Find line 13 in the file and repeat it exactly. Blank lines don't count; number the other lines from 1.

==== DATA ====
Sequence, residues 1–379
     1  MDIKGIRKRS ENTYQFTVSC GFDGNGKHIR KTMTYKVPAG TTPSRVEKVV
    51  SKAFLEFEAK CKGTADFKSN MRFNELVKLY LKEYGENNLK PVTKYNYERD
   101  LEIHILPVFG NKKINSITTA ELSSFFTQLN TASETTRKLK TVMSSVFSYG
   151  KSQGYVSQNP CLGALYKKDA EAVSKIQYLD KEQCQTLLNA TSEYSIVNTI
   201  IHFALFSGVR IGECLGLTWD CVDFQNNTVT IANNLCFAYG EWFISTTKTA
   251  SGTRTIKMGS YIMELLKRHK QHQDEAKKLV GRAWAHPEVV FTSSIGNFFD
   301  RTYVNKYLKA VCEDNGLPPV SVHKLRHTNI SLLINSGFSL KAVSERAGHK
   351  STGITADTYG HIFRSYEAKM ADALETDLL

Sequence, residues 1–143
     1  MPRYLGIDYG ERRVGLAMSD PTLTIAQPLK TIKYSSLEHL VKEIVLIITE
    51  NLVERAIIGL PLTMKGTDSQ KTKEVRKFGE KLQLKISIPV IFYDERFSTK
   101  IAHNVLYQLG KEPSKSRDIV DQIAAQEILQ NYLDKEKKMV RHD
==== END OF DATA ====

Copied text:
   101  IAHNVLYQLG KEPSKSRDIV DQIAAQEILQ NYLDKEKKMV RHD